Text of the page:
From where I stand, such denial is rampant, and it hinders our ability to see what we really need to do. How can we solve problems that we won’t even admit exist?
Behind denial is fear. Fear can be a healthy warning, but it can also be falsely evoked and used to manipulate us, as in the so-called War on Terror. How can we clearly confront the dangers without succumbing to fear? “More basic to the Great Turning than any ideas we have about it is the act of courage and love we make when we dare see our world as it is.” (Macy & Brown, 1998, p. 38).
We need courage and love, and also faith—faith in ourselves as intelligent, adaptable beings, and faith in life itself. There is wisdom embedded in the natural systems that support life—including within our own bodies and psyches. Let’s seek its guidance and listen to its promptings. The feedback we need is here, although often in forms we don’t acknowledge or understand: intuition, feelings, hunches, dreams, art—and most important, living examples all around us in the more-than-human world.
As the story of photosynthesis and respiration shows us, life will find innovations and adaptations to rebalance the conditions needed for life. This pivotal point in human history—this Great Turning—presents us with the opportunity to create the kind of people and societies our souls have been longing for. No longer able to take the easy way out with cheap and plentiful energy, we are compelled to change in ways that can lead, in time, to a healthier, happier way of life for everyone.
How Shall We Respond?
Let’s come together as cooperative communities, using the physical and human resources we have at hand. Let’s recreate local sustainable economies to provide the necessities of life close to home, instead of relying on food and goods shipped from an average of 1200 miles away. Let’s reduce our “ecological footprints”; that is, our impact on the ecosystems in which we live. That means radically reducing our energy use at home, in industry, and in transportation. It means using compact florescent light bulbs, drying clothes outside, choosing energy efficient appliances and vehicles, riding bikes and walking much more of the time, and many other practices most of you could no doubt enumerate.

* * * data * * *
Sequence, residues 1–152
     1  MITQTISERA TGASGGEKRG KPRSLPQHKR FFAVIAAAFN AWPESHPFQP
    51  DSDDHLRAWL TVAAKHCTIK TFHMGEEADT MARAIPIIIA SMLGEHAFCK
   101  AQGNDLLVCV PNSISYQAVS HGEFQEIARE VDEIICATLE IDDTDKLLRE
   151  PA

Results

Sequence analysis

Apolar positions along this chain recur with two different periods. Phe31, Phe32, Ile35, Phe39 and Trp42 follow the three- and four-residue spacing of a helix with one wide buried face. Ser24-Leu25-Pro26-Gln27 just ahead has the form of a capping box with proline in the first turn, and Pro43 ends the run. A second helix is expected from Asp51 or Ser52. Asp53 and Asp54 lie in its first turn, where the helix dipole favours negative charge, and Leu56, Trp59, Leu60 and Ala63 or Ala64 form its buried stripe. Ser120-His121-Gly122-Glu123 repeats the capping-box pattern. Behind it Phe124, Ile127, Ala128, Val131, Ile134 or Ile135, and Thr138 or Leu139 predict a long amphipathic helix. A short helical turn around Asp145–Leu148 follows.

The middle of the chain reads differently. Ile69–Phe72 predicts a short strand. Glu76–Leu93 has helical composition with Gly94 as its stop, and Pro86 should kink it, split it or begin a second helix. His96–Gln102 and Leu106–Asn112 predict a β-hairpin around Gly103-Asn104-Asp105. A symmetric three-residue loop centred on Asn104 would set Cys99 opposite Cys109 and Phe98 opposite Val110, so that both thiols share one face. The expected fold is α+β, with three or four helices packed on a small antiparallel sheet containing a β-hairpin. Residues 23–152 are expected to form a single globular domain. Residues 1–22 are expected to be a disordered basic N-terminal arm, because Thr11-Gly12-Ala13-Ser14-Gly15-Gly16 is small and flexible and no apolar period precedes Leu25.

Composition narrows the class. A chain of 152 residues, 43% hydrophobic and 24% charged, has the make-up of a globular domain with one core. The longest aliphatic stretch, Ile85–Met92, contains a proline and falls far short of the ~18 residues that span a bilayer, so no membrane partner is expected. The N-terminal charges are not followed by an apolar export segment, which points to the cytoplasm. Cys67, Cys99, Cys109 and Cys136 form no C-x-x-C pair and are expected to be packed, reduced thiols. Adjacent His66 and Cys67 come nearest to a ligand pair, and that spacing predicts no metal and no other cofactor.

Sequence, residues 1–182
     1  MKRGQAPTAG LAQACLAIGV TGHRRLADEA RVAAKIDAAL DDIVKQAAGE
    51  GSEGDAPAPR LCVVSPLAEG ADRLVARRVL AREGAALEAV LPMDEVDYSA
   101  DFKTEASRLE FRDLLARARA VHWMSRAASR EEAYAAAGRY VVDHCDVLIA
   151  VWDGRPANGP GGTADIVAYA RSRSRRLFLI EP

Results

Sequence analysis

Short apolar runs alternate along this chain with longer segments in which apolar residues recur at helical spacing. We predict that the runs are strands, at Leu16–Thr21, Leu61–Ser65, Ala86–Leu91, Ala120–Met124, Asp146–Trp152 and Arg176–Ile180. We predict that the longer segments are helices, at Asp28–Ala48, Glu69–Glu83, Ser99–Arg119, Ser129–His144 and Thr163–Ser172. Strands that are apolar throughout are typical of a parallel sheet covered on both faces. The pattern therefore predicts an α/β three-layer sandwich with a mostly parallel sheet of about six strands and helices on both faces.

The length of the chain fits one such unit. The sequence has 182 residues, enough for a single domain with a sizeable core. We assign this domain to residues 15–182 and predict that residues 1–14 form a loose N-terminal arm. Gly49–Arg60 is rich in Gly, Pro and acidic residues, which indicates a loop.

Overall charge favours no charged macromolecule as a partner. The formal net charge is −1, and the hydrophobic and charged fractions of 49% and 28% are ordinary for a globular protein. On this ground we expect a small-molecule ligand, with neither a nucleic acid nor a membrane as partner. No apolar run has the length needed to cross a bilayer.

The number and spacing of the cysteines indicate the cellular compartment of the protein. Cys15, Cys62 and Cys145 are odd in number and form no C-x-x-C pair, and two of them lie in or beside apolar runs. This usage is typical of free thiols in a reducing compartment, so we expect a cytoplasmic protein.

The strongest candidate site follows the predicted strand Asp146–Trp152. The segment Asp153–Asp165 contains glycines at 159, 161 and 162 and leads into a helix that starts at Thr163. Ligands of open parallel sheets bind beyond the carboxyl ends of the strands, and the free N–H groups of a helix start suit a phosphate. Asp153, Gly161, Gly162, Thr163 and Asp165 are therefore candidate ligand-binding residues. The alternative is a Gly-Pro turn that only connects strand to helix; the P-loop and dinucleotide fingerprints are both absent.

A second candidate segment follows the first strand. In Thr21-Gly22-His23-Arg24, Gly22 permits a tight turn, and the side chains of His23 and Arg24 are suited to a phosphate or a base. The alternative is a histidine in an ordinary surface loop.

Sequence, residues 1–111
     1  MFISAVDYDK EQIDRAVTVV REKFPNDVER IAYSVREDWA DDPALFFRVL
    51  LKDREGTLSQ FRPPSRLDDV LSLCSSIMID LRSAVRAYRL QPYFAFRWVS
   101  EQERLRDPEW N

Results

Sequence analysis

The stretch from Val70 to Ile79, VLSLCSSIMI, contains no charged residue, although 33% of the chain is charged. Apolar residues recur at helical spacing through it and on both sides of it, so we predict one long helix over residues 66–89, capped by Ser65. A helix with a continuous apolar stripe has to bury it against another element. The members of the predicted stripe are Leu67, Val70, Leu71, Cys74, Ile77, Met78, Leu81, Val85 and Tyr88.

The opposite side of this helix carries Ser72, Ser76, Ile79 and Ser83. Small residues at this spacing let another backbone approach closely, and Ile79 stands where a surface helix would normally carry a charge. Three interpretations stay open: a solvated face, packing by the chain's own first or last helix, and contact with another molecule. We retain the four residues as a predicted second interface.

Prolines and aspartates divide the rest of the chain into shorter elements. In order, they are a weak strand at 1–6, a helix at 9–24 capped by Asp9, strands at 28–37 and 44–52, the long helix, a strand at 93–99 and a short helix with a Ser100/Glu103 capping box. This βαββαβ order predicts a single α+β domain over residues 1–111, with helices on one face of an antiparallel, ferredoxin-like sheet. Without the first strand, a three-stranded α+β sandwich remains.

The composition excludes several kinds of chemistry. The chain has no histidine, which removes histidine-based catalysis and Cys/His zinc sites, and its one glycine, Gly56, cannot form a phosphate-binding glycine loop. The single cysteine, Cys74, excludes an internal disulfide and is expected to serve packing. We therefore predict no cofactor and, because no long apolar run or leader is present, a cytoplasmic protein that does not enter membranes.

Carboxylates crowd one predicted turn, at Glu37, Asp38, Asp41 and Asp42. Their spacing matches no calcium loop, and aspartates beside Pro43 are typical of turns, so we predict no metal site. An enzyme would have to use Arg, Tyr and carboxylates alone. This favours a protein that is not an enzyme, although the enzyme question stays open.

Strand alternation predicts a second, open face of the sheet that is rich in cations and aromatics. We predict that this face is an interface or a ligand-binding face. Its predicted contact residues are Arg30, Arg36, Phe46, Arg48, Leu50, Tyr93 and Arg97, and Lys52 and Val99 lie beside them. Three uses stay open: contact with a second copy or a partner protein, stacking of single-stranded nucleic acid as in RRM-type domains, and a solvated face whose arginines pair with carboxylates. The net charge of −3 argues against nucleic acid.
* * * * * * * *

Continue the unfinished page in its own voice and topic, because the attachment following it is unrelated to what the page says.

Let’s honor and work harmoniously with the natural systems in which we are imbedded, protecting the water, air, mountains and valleys, forests and wetlands and wildlife of our regions. Let’s spend more quiet time in nature, attuning to natural cycles and rhythms. Let’s re-establish direct connections with the processes that provide what we need to live: let’s grow more of our own food and fiber, and make more of our clothing and shelters, out of local materials.
In Neil Douglas-Klotz’s translation of the Lord’s Prayer from the original Aramaic, the line, “Give us this day our daily bread,” translates to “Grow through us this moment’s bread and wisdom.” (Fox & Douglas-Klotz, 1993). Listen to the implications of that line: “Grow through us this moment’s bread and wisdom.” It speaks of co-creation, doesn’t it?
Those of you who grow some of your own vegetables know the joy of co-creation, the joy of eating tomatoes, lettuce, radishes, chard, or fruit and berries that you yourself have planted, watered, and tended. You may know the winter joy of opening jars of food that you canned earlier during harvest time.
I understand there is a revival of interest in spinning, something I’d like to pursue myself, creating thread and yarn directly from locally obtained wool. I think people who obtain all their supplies from stores really miss out on a vital spiritual connection with the living processes of Earth. Let’s shop less, co-create more.
Through this time of change, we may learn to more fully accept and honor the cycles of birth, life, and death. Coping with famine and epidemics may help transform our relationship to death, so that we come to fear it less, to accept it as a natural part of the life cycle. In a world of diminished energy and resources, we will need to limit population growth. This means fewer children being born, making those that are more precious. I envision communities collectively taking responsibility for the children, rather than leaving it all up to the parents.
On an individual level, I believe all of us are called to bring our gifts into service in the world. We can’t afford to waste anyone’s talents or skills or ideas—as if we ever could! Often, we need to first clear away some psychological and social impediments we have been carrying, and that may require some focused work on ourselves.